Beyond the Marathon the early years of IAU

It is April 22nd, 1984, when the International Association of Ultrarunners (IAU) was established. This was the milestone and a new chapter for long distance running. This is a story of the early years of IAU based on a  cover article written in 2005 by the  first and long-standing IAU President, Malcolm Campbell.

This is how Malcolm opened the 20 years story of IAU.

“When the good ship, ''IAU'' set off on it's maiden voyage in 1984 we were sailing towards uncharted waters. As Captain, I had a motley crew under my command. It consisted of four experienced ultrarunners and a statistician. All were enthusiastic and all played a valuable role as our course was set.”

Malcolm Campbell, IAU President 1984-2004, during his race accross America. You can read more about Malcom here

Ultradistance events, and in particular the 100km road race, become increasingly popular in Europe during the late 1970s and early 1980s. The first Six Day Race of modem times took place in the United States in 1980. Six Day Racing has it origins in the late 19th century when considerable financial rewards were available for the leaders. There was much competition between American and British runners during this period and the Six Day record was 1003 km 832m set by George Littlewood (GBR) at the Madison Squiare Gardens, New York in 1888. 

It was early 1984 when Gerard Stenger, Malcolm Campbell, Edgar Pattermann, Dan Brannen, Tony Rafferty and Andy Milroy, become the Founding Members of the IAU. Malcom was chosen to be IAU President.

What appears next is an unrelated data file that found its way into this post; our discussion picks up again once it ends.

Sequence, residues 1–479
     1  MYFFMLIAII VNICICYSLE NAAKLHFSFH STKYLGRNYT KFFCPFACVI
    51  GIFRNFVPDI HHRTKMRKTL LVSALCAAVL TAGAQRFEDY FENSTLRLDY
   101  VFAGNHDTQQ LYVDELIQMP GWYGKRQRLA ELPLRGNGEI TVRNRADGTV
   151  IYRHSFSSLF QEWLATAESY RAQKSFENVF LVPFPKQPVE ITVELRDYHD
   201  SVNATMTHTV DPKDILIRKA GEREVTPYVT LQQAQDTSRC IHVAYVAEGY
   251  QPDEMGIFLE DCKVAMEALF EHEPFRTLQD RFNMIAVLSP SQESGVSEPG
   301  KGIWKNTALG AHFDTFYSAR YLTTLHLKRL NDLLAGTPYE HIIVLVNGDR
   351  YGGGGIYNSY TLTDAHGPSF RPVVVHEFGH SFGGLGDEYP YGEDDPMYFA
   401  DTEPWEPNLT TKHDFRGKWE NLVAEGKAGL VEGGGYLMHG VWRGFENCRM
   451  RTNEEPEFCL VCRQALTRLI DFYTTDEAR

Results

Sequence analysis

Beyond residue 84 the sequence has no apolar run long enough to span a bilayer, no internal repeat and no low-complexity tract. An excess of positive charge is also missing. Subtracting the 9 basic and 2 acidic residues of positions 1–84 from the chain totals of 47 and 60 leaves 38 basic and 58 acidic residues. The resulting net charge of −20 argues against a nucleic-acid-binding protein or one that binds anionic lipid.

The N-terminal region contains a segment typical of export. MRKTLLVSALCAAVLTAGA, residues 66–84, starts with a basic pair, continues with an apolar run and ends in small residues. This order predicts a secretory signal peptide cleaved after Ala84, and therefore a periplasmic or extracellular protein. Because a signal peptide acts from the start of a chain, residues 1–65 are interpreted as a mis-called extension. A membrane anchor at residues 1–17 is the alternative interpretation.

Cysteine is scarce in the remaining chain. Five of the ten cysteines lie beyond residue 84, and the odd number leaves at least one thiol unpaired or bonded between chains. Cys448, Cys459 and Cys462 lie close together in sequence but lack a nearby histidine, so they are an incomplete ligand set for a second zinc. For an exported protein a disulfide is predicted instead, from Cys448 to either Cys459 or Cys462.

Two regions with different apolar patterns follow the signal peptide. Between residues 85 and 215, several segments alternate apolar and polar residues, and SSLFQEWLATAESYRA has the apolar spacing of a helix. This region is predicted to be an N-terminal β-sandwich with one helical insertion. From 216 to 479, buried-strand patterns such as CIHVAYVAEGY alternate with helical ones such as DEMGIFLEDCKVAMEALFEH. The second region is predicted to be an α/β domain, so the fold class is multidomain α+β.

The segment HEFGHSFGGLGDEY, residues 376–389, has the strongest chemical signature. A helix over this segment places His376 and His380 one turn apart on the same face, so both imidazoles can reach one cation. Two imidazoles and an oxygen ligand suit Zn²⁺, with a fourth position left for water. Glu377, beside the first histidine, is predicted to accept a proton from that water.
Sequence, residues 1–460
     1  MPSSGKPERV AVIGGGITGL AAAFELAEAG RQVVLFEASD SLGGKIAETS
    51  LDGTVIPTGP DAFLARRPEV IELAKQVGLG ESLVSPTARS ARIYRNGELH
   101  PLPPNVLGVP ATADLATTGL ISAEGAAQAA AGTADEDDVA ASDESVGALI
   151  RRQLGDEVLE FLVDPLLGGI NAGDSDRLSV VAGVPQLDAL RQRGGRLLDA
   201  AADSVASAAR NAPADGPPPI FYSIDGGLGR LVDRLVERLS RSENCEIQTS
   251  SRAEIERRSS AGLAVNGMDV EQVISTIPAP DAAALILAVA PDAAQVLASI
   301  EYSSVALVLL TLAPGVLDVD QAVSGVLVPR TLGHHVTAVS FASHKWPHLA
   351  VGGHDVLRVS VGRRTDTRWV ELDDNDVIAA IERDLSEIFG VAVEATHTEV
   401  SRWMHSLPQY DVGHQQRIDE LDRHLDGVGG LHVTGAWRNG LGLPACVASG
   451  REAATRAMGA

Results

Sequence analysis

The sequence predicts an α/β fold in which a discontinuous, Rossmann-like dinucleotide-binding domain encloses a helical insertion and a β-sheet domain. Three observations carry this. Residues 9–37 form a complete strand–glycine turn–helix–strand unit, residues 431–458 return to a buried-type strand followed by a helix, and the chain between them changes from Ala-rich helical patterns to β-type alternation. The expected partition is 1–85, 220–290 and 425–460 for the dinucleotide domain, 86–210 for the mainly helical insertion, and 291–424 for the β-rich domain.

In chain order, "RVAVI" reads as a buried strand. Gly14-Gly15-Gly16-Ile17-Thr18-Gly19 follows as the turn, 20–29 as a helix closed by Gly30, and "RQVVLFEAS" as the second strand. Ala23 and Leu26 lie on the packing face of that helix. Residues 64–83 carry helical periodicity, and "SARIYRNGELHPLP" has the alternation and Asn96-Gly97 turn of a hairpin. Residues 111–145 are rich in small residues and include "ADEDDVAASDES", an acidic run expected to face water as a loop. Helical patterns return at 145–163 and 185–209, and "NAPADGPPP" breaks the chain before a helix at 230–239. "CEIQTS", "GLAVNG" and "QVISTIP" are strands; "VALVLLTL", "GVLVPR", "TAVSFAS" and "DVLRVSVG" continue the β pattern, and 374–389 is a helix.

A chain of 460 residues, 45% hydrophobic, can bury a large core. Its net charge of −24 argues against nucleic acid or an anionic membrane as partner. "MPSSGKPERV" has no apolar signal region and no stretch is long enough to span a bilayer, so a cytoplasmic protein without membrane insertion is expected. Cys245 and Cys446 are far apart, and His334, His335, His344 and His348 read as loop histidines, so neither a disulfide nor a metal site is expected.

IAU Council members as of 1984 published at Ultrarunning Magazine in 1984:

  • Edgar Patterman (Austria)
  • Malcolm Campbell (England)
  • Bruce Slade (England)
  • Dan Brannen (U.S.)
  • Gérard Stenger (France)
  • Jacques de Roquefeuil (France)
  • Werner Sontag (West Germany)
  • Andy Milroy (England)

“A sense of direction is a useful asset for a Ship's Captain, whether he be Honest Sailor or Pirate, and very early in our voyage it become obvious we would, as an organisation need the support or at least approval of the International Governing Body of Athletics. This was the International Amateur Athletic Federation (IAAF) which later changed it's title to International Association of Athletics Federations.”

Malcolm Campbell

In order for IAU to obtain approval from IAAF it was necessary to show that IAU as organization is seriously concerned with developing the sport of ultradistance running and it was necessary to grow. In the early days IAU membership consisted mainly of National Ultrarunning Organisations and as consequence in 1987 for the first time the 100 km World Championships was held in Torhout, Belgium. It was a cornerstone to establish partnership with the IAAF. The IAAF Patronage was granted in 1988 just before the second 100 km Championships that took place at Santander, Spain, organized by Jose Antonio Soto Rojas (now honorary member of IAU).

The IAU ’s first meeting with the IAAF Cross Country & Road Running Committee took place in 1989. The meeting took place at Stavanger, Norway during the weekend of the IAAF World Cross Country Championships. Malcolm and Per Lind from Norway were present during that meeting, where the second IAU 100km Championships held in Santander, Spain in 1988 had been well reported. It was clear that IAU is on the right path for future development.

Another turning point took place in 1990 when after successful IAU 100k Championships at Deluth in US, IAAF amended their regulations to include 100 km as standard distance for international competitions. At that time the National Team competition has been included in the championships and this resulted in securing the IAAF Administration Grant for the IAU and Competition Grants for Federations.

From 1992 the IAU European 100km Championships and IAU 24 Hours European Challenge were introduced with both events taking place under the patronage of the European Athletic Association. These became very successful events and by 1997 it was possible to further promote the 24H events internationally.